Laburnum Tree Information: Tips On Growing Goldenchain Trees

Large Goldenchain Tree In Garden
goldenchain tree
(Image credit: JeremyTaylor)

The Laburnum goldenchain tree will be the star of your garden when it is in flower. Small, airy and graceful, the tree decks itself out in springtime with golden, wisteria-like flower panicles that droop from every branch. The one downside of this pretty ornamental tree is the fact that every part of it is toxic. Read on for more Laburnum tree information, including how to grow a Laburnum tree.

Laburnum Tree Information

The Laburnum goldenchain tree (Laburnum spp.) only grows some 25 feet (7.6 m.) tall and 18 feet (5.5 m.) wide, but it is a magnificent sight in the backyard when it’s covered with golden blossoms. The drooping, 10-inch (25 cm.) flower clusters are incredibly showy when they appear on the deciduous tree in springtime. The leaves appear in small clusters. Each leaf is oval and stays green until the time it falls from the tree in autumn.

How to Grow a Laburnum Tree

If you are wondering how to grow a Laburnum tree, you’ll be glad to know that the Laburnum goldenchain tree is not too picky. It grows in direct sunlight and partial sun. It tolerates almost any type of soil, as long as it is not waterlogged, but it prefers well-drained alkaline loam. Caring for Laburnum trees is easiest in U.S. Department of Agriculture plant hardiness zones 5b through 7. Growing goldenchain trees requires pruning when they are young. The healthiest and most attractive trees grow on one strong leader. When you are caring for Laburnum trees, prune out secondary leaders early to help the trees develop strong structures. If you expect foot or vehicle traffic beneath the tree, you’ll have to prune its canopy back as well. Since the roots of the Laburnum goldenchain tree are not invasive, don’t hesitate to start growing goldenchain trees near your home or driveway. These trees also work well in containers on the patio. Note: If you are growing goldenchain trees, remember that all parts of the tree are toxic, including leaves, roots and seeds. If enough is ingested, it may be fatal. Keep children and pets well away from these trees. Laburnum trees are often used on arches. One cultivar frequently planted on arches is the award-winning ‘Vossii’ (Laburnum x waterii 'Vossii'). It is appreciated for its abundant and stunning blossoms.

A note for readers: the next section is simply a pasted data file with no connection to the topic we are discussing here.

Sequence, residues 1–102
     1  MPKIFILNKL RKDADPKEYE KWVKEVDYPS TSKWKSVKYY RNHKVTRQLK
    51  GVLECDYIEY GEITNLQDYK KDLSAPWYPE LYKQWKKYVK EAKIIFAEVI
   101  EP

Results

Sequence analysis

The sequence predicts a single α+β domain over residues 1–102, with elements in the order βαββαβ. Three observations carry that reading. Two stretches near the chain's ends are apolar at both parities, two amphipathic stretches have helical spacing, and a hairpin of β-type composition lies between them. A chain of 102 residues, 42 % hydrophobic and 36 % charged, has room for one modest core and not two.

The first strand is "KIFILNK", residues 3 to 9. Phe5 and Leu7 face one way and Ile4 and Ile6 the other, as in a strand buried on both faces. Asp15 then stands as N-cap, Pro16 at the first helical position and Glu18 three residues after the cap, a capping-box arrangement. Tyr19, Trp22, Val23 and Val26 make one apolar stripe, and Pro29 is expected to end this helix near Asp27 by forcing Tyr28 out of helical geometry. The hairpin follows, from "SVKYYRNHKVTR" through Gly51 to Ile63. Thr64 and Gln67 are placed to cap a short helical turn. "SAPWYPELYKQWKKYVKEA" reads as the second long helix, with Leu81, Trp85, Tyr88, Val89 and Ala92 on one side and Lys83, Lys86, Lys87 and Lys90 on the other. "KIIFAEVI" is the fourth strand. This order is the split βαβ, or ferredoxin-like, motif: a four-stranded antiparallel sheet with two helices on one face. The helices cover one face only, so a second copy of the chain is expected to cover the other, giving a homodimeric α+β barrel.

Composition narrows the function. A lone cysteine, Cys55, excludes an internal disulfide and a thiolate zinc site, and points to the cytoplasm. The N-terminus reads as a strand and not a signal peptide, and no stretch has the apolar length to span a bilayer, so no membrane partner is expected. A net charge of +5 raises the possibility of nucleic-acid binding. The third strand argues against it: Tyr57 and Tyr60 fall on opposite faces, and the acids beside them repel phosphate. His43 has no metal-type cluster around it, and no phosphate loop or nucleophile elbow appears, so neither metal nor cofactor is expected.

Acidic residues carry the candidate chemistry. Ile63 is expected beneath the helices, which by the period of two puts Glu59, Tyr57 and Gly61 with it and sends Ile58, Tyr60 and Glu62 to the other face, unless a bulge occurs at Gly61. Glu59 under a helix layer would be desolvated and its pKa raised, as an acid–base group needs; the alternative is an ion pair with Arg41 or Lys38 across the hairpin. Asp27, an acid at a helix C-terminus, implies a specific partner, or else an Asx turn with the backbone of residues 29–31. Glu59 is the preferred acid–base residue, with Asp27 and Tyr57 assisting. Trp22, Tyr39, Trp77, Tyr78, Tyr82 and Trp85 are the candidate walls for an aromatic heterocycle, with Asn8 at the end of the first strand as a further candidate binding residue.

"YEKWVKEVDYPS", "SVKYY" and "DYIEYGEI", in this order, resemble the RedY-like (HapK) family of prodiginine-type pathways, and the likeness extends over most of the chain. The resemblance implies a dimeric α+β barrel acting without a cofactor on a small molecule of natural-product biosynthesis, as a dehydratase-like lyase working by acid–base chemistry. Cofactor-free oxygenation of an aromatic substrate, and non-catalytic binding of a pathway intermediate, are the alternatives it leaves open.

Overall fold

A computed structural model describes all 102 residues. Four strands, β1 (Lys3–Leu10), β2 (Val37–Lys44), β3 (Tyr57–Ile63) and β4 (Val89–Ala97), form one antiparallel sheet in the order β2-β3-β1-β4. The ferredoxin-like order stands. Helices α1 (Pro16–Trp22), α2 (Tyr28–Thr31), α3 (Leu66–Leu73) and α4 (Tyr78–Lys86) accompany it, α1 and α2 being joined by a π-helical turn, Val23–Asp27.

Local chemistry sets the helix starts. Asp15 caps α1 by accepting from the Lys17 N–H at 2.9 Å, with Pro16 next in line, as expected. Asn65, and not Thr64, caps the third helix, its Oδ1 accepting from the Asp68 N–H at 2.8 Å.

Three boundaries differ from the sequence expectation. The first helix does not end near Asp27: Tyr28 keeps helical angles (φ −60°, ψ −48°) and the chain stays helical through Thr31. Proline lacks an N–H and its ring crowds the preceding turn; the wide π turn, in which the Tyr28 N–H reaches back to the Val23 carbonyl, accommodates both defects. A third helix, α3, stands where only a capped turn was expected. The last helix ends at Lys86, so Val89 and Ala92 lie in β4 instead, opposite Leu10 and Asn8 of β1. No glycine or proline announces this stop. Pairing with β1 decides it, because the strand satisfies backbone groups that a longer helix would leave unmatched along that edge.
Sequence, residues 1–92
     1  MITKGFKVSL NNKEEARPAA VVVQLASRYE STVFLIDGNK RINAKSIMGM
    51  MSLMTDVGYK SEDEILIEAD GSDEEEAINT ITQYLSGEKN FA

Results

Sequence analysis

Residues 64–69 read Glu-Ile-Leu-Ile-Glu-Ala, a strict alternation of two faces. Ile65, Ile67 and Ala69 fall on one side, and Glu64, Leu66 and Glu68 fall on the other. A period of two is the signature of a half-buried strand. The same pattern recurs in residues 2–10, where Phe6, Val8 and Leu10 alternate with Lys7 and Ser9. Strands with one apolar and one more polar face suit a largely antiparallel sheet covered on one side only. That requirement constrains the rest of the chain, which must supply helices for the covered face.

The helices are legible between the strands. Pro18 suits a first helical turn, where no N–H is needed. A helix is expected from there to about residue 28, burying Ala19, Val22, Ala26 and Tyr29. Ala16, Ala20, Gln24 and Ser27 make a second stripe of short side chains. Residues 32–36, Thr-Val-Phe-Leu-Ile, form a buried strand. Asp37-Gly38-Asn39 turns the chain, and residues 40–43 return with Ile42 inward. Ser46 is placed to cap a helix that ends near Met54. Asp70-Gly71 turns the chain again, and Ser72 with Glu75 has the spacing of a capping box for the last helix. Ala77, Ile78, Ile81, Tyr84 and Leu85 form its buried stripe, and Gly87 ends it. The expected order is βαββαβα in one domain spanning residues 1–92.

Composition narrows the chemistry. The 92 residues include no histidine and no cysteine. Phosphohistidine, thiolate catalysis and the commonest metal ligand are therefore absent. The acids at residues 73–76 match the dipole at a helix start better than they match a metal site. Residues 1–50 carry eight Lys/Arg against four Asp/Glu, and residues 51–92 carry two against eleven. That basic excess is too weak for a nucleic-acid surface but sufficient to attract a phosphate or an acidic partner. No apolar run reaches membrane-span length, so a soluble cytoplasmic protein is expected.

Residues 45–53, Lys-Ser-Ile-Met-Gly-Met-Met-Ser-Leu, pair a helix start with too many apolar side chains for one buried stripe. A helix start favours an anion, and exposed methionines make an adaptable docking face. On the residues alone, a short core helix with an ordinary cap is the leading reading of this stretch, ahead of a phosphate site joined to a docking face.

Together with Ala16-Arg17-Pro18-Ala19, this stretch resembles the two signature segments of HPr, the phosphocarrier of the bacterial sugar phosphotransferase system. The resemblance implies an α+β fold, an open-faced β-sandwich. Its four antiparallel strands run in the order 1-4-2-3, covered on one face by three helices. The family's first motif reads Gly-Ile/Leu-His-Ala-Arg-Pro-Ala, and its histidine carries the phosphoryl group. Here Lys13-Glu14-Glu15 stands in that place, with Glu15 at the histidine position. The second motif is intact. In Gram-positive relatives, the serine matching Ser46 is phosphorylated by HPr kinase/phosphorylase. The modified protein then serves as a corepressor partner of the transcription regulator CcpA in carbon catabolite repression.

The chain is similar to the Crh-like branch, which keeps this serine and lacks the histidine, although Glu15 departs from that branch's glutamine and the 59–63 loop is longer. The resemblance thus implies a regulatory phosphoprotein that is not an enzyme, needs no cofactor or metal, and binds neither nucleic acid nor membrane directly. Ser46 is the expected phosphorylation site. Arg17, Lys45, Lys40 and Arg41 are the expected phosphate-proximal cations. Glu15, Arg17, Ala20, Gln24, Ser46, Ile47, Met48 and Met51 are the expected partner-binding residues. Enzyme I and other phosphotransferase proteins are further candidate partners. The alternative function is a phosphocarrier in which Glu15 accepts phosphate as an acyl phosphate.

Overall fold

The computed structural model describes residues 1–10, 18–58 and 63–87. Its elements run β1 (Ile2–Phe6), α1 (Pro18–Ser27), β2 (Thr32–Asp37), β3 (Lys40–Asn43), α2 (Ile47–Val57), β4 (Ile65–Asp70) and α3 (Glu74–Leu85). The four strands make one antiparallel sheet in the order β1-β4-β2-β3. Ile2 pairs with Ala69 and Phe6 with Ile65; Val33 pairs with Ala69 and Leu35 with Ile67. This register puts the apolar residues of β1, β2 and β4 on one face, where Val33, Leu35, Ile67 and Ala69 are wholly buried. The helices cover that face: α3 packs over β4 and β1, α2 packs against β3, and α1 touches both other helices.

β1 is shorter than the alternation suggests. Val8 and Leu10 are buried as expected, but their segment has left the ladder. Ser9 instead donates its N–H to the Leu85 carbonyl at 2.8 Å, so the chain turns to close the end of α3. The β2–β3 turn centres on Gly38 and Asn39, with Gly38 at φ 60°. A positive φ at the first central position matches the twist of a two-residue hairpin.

Teo Spengler

Teo Spengler has been gardening for 30 years. She is a docent at the San Francisco Botanical Garden. Her passion is trees, 250 of which she has planted on her land in France.